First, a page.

This is Meg a three year old Bengal Eagle Owl from the display this weekend. She wouldn’t sit still!!
This is Meg a three year old Bengal Eagle Owl from the display this weekend. She wouldn’t sit still!!
Aviemore in the heart of Scotland is a great place to see ospreys in the wild. These fish eating raptors return here from Africa each summer to breed and raise their young. Extinct in the UK until being reintroduced in Scotland in the 50’s they are now thriving and with a strong base in Scotland have spread around the country and down into Northern England.
Aviemore Ospreys allow you to get up close to these stunning birds in a couple of hides set up to allow you to watch and photograph them as they come in to fish on a small pond stocked with trout. On their website is a gallery of images and so at 3.45am I set off to try and snap something similar. The hides are located behind the main hotel in the town and during the day would be busy with guests and children on the nearby play area, but at 4am the only people about were 5 hardy photographers and Gordon the guide. Gordon settled us into the hides and explained what he hoped would happen before disappearing to the carpark with his walkie talkie to provide the running commentary. As the hides are built low down at water level it’s difficult to see the birds coming in so Gordons commentary keeps you aware of what’s in the sky and if any bird looks like diving in he lets you know.
The birds soon arrived but in the dark dawn light my pictures were quite frankly rubbish as I struggled to get the settings anywhere near what’s needed. However just seeing these birds plunge into the water and on most occasions emerge with a sizeable fish is something really special.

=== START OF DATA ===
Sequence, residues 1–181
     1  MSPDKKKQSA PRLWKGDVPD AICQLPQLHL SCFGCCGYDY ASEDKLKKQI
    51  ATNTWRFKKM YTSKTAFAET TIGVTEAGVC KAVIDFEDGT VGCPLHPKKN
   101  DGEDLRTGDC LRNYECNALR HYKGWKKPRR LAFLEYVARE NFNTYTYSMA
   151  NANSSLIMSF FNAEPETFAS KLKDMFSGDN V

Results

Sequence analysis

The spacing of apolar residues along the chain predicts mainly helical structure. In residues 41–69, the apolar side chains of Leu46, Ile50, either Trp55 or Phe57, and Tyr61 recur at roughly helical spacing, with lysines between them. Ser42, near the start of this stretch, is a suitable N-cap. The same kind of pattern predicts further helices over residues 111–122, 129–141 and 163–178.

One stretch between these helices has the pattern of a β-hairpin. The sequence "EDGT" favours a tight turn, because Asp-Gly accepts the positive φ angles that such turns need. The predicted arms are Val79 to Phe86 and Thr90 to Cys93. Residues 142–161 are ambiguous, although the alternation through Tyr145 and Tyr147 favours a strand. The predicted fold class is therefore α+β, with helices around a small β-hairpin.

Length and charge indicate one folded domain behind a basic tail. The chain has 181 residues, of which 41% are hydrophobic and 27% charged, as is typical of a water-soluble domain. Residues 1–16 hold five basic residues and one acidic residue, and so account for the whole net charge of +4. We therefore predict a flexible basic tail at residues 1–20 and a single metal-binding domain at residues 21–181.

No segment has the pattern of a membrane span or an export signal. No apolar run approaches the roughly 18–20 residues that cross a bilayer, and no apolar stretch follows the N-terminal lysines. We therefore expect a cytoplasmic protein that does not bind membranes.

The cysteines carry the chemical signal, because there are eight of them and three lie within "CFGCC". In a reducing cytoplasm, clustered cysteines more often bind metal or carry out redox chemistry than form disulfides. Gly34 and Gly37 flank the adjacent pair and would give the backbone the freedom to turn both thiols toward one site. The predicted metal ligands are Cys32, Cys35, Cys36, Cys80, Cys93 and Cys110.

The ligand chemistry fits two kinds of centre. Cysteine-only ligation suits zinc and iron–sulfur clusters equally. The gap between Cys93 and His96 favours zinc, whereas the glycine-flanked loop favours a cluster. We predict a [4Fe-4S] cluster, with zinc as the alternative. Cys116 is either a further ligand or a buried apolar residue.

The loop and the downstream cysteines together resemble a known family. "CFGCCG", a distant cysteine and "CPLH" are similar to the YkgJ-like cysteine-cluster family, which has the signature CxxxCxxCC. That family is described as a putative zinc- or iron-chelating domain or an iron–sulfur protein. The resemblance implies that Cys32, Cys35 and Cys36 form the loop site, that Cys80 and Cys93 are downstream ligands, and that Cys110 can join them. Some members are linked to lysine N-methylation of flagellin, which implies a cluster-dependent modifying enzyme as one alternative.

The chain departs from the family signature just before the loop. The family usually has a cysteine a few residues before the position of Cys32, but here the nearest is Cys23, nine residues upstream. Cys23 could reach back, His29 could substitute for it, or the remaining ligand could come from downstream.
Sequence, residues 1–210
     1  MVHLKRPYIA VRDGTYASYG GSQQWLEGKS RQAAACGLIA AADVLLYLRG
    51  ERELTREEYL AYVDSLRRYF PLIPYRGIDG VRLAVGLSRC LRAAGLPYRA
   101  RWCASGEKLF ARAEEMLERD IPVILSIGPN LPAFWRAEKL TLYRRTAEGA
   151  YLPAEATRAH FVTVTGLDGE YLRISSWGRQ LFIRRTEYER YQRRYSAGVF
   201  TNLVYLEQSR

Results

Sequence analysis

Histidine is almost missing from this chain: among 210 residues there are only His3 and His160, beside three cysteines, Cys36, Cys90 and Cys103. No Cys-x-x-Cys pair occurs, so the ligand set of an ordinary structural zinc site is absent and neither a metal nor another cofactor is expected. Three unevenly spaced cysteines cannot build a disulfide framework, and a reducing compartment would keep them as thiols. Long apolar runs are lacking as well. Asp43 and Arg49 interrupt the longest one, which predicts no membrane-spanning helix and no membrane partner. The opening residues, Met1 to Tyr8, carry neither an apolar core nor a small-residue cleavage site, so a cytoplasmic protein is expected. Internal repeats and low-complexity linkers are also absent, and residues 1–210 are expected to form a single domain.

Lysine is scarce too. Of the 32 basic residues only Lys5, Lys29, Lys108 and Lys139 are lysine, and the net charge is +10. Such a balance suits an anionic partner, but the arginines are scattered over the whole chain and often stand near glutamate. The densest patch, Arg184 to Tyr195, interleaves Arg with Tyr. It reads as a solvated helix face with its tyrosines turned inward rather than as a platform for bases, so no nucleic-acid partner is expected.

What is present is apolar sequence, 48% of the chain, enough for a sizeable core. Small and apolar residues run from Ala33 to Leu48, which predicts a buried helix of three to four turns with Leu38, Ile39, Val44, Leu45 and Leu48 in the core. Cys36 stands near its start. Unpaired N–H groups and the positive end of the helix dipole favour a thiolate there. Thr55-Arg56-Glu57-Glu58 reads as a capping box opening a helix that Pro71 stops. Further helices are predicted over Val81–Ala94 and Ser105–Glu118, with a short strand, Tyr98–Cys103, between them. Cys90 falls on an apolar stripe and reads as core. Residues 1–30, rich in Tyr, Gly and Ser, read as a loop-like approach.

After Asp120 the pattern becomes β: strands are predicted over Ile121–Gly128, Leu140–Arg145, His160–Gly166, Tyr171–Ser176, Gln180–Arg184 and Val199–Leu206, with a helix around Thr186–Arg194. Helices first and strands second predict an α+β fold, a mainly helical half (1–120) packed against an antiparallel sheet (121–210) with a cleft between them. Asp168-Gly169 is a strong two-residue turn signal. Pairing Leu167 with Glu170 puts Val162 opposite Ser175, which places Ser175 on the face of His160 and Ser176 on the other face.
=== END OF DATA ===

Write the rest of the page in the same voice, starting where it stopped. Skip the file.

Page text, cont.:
Eventually the light slowly improved and so did my pictures but nowhere near the quality of what the professionals get.
It’s a tough morning photography wise and the window of opportunity is small to correct and readjust what you think the settings need to be as by 8am it was all over and the ospreys had moved on to other fishing grounds.
The above osprey is a 7 year old male ringed locally in 2010.
I take my hat off to the photographers who take such stunning pictures of these birds and it shows me I still have lots to learn to improve my pictures. I thoroughly enjoyed the experience but was disappointed with my photo’s.
While chatting in the hide I learnt of a nearby nest which was fairly accessible so guess where I went the following day?
Last month I was due to go on a diving gannet photography day from Bridlington on the East Coast. Unfortunately the weather put paid to that trip so my plans got rearranged and I set off instead for a day at Bempton Cliffs.
Known locally as the Seabird City Bempton Cliffs are home to a staggering number of gannets, razorbills, fulmars, puffins, shag, herring gull, kittiwake and guillemots. In fact this year has proved to be a record year with almost 450,000 birds counted.
The gannets are the most numerous with over 200,000 visiting the cliffs from March to October to breed or in the case of youngsters get used to being a gannet as it’ll be 5 years before they breed. These Northern Gannets return to Bempton every year from their wintering sites in West Africa and they return to the same nest site with the same partner every year.
Although very affectionate to each other when they are crammed up close and personal on their very small nest spaces tempers can easily get frayed and some violence can ensue. They are our largest seabird with a wingspan up to 2 metres which allows them to effortlessly soar above the cliffs or travel great distances to feed. They eat larger fish such as mackerel and cod and the availability of these has been key in the recent rises in population as they successfully raise their chicks.